When Amanda was swiping on Bumble in the fall of 2017, she didn’t have very high hopes. Life had, of late, dealt her a tough hand. She’d been through what she describes as a “crappy divorce.” On top of that, the Nashville, Tenn.-based single mother of two had been diagnosed with a rare cancer that had proven resistant to radiation, leaving her bed-ridden for weeks at a time.
She had a good feeling about Sean, though. He seemed to have a sweet face. “He had hella blue eyes,” Amanda laughs. She also appreciated that his Bumble profile included photos of his children. (He, like Amanda, has two.) “I liked that he put it out there that he was a dad,” she says.
For his part, Sean was also divorced, and fairly new to online dating.
“Before I got married, there weren’t even dating apps,” he says. He’d admittedly almost given up on the prospect of meeting his match — or anyone, for that matter. “I hadn’t been on any apps in five or six months,” he says. “Then I got the notification that Amanda had messaged me.”
After some back-and-forth bantering on Bumble and a text message exchange, the two spoke on the phone. Amanda decided she had to broach the subject of her prognosis right away.
“I felt like he needed to know,” she says. “We were talking so much — for hours a day. I kind of decided that even if nothing happened between us romantically, we had already developed a friendship.”
Sean was unfazed through talk of tumors, clinical trials, and medical bills. He needed to meet this beautiful, funny, quirky woman who’d taken him by surprise, and who already felt like an old friend.
When they did meet up, it was for what must be one of the longest first dates on record. They started at a favorite sushi spot, then headed out to play laser tag. From there, they hit up a local speakeasy, then went to see a movie. All in one day. Says Amanda: “We just didn’t want the first date to end.”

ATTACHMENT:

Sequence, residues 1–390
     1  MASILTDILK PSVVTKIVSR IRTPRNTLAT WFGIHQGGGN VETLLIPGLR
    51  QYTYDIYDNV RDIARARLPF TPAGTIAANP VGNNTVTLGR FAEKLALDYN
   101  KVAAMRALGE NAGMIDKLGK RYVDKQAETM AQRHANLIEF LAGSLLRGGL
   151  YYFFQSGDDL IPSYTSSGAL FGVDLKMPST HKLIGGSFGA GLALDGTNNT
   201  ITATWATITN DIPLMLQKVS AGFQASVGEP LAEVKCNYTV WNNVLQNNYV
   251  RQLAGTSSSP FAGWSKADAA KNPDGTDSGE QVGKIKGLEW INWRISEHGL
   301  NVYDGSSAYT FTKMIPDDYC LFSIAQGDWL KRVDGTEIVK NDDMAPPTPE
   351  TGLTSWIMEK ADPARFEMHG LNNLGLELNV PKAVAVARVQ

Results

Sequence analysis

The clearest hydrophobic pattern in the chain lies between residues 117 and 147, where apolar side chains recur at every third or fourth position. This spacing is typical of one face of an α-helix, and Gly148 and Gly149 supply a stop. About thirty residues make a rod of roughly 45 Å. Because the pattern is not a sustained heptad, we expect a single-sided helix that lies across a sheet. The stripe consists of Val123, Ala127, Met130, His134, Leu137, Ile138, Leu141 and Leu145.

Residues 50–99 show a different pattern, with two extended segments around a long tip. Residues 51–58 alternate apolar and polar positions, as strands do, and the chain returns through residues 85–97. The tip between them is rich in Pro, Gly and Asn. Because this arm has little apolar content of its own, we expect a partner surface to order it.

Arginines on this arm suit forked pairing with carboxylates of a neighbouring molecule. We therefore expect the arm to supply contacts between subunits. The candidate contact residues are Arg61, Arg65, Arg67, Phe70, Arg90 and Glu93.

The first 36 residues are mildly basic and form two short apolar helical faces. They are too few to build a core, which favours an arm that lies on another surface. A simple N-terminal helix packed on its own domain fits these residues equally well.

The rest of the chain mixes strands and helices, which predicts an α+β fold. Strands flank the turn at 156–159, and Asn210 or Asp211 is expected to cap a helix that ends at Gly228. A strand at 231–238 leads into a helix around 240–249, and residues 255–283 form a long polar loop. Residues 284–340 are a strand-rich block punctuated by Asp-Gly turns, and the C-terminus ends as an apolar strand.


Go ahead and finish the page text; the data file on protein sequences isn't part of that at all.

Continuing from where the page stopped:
From that day on, the two were rarely apart. Their kids — a seven-year-old, eight-year-old, and two nine-year-olds — met and instantly bonded, to both of their relief. Ten months into their relationship, when Sean proposed, it felt like a long time coming, at least for him. He had known he’d marry Amanda from that first date, he says.
Amanda had mixed feelings. She loved Sean, of course. She had from the day they met. But she felt a combination of guilt and dread knowing that her disease had a very low rate of survival beyond five years.
“Any kind of illness is asking a lot,” she says. “It’s a lot to ask of anybody. In the long run, it’s not just me saying, ‘hey, let’s date and have fun.’ It’s saying, ‘hey, in a couple of years, do you want to take care of me?’ I was terrified.”
Sean could not be dissuaded. He loved Amanda and told her, again and again, that he wasn’t going anywhere.
Coming up with money for a wedding proved a challenge. Amanda was unable to work full-time given her illness. The two found themselves having to pay bills for the repair of their trucks on top of their mortgage and day-to-day expenses like groceries for a family of six.
Luckily, Amanda had found an online group called First Descents, offering young cancer patients the chance to pursue adventurous activities like rock climbing, kayaking, and surfing. A fellow group member had posted a link to an organization called Wish Upon A Wedding, a nonprofit that helps plan and fund weddings and vow renewals for couples facing serious illnesses and life-altering health problems.
“Amanda filled out the application, but we weren’t sure they’d pick us,” says Sean.
In December, with the full support of Wish Upon A Wedding, Amanda and Sean celebrated their marriage with 50 loved ones in their hometown of Nashville. Their four kids were thrilled to make their blended family official. “They’re so excited,” Amanda says, “they can’t stand it.”
When Amanda has very bad days, she trusts that Sean will always step in and care for both her and the children.
“We’re both very understanding, even taking cancer out of the picture,” she says. “We calmly approach any situation. We ask, ‘how do we need to move forward?’ There’s no panic. We’re a team. We rely on each other.”